In 1990, City Attorney Louise H. Renne established the Code Enforcement Task Force as a six-month pilot project focused on 13 properties in the Ingleside District of San Francisco. The task force evolved out of expressed frustration of neighborhood groups whose complaints regarding criminal and illegal activity in their communities had not been solved by the city's traditional system of code enforcement. Early successes led to the institutionalization of the Code Enforcement Task Force, as well as to the initiation of a sister initiative, The Receivership Program.
The Code Enforcement Task Force is composed of inspectors from the city's housing, building, fire, public health, planning, police, and city attorney's departments. It meets monthly in the city-attorney's office to compare complaints received by the separate agencies and to plan joint inspections of properties where violations of multiple codes are suspected. The team then uses property maintenance standards and civil enforcement mechanisms under California law to abate code violations and drug nuisances. The associated Receivership Program secures the forced rehabilitation of property in cases where an owner has consistently failed to repair.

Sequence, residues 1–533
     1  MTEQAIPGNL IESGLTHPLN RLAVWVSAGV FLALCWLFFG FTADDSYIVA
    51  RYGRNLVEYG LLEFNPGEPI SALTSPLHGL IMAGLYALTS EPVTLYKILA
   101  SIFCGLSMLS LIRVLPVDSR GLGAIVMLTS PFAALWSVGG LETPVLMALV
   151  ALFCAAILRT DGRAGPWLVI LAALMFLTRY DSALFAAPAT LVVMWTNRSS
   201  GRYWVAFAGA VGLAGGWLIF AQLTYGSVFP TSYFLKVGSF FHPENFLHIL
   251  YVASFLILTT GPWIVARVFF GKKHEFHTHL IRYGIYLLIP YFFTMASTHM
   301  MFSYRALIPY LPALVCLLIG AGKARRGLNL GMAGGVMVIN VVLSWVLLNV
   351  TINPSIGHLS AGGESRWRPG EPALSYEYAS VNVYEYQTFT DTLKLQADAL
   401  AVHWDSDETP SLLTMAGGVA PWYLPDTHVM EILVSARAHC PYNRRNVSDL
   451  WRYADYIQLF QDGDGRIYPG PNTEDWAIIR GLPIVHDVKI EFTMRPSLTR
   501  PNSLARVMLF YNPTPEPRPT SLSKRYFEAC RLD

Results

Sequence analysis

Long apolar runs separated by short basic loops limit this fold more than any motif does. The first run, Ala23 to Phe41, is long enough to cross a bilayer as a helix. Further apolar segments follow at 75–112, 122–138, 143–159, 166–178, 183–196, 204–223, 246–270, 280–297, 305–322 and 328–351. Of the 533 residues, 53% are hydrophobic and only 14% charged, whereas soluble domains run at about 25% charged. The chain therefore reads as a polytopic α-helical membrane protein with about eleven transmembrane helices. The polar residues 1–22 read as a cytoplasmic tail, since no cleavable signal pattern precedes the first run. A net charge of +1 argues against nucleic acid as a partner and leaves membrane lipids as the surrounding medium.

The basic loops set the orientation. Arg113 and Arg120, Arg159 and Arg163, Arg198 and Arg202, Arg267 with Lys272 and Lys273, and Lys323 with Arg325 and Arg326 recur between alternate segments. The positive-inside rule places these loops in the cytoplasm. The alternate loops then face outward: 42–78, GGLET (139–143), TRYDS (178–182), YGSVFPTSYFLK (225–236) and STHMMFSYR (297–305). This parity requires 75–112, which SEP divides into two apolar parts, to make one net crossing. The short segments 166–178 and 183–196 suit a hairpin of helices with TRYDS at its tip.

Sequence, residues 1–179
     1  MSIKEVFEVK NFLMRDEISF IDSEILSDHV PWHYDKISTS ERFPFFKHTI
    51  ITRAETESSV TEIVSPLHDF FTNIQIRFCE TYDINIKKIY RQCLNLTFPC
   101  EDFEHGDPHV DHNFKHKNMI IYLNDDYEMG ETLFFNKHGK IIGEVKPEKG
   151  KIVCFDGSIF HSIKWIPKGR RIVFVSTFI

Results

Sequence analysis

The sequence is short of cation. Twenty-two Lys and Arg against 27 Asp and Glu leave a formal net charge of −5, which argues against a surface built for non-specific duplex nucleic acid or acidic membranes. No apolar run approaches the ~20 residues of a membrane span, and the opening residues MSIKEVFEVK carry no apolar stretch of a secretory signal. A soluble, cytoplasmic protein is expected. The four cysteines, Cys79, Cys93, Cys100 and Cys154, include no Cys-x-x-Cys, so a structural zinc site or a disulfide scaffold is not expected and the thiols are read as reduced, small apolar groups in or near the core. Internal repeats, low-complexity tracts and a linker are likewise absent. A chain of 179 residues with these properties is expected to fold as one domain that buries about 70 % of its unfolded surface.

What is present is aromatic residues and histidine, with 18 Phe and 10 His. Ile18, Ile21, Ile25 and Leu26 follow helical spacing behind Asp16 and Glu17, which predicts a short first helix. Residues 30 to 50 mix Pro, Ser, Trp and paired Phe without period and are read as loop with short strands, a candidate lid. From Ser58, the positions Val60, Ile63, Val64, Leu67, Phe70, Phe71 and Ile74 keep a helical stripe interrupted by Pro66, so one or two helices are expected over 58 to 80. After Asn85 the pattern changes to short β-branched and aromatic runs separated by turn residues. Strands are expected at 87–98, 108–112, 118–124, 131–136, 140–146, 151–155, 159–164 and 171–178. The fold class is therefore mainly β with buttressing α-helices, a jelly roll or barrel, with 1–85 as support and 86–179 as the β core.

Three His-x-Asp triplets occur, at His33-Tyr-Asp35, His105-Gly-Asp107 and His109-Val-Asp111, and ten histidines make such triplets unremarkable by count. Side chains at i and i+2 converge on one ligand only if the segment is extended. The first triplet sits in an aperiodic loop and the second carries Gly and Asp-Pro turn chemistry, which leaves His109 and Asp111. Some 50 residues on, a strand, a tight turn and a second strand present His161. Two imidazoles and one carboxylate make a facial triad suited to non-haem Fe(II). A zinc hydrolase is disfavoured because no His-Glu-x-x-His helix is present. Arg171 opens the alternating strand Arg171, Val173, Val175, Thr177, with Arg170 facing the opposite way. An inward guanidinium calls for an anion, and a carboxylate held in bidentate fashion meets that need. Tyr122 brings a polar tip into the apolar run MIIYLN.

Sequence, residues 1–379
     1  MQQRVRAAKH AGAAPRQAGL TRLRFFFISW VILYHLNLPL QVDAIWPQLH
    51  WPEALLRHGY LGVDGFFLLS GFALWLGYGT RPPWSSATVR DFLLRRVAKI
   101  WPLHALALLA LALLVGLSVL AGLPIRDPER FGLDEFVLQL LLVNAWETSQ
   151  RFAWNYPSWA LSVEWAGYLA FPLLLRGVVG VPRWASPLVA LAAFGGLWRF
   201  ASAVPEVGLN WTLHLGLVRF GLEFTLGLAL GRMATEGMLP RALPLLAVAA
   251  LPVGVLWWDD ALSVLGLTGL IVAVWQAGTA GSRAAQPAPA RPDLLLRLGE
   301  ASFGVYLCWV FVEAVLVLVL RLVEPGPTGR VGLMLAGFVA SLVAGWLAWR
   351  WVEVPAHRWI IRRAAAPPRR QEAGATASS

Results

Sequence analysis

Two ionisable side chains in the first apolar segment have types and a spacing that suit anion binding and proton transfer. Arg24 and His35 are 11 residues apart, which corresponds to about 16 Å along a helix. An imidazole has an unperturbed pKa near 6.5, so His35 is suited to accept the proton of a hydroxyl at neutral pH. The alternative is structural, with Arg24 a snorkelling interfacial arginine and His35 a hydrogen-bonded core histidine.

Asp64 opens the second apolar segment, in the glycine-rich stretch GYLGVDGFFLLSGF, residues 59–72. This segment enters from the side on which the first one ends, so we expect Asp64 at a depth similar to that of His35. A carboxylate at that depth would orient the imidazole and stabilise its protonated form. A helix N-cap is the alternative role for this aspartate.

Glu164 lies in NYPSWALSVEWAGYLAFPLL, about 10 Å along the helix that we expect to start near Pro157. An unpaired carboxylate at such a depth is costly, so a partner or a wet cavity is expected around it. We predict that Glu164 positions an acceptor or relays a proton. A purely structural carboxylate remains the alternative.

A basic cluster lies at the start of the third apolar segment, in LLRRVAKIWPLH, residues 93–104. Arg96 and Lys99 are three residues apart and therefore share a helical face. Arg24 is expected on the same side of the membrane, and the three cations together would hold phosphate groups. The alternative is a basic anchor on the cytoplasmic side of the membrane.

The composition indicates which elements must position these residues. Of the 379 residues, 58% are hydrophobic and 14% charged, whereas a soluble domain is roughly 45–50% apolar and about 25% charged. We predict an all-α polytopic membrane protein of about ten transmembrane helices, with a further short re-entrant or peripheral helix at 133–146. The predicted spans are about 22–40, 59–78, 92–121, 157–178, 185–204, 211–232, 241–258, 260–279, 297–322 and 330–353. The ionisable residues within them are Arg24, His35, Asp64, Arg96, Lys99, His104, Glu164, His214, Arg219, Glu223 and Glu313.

A neighborhood outreach and education program featuring "code enforcement walks" also developed from the task force. The "walks" are led by the city attorney's ofice and draw together inspectors from the city's various code enforcement agencies and representatives from neighborhoods. During the "walks," neighborhood representatives point out specific buildings that are disrupting the lives of residents because of their sub-standard condition or the suspected illegal activities of their occupants. In turn, the inspectors advise the neighborhood how to identify code violations and what information neighbors must gather to enable the city to take action.
The task force was originated with the intent of using civil enforcement powers to keep housing from being used for drug trafficking. The task force's effectiveness in closing crack houses has won the respect and participation of the police department, a relationship that the program cites as a success indicator. Within the last year, the police department and the task force have coordinated their enforcement efforts to target properties and monitor neighborhood changes. In addition, the police department's new crime prevention program in one high crime neighborhood contains a task force and Receivership Program component. Police support for the task force is a significant achievement and is now critical to the task force's continuing success.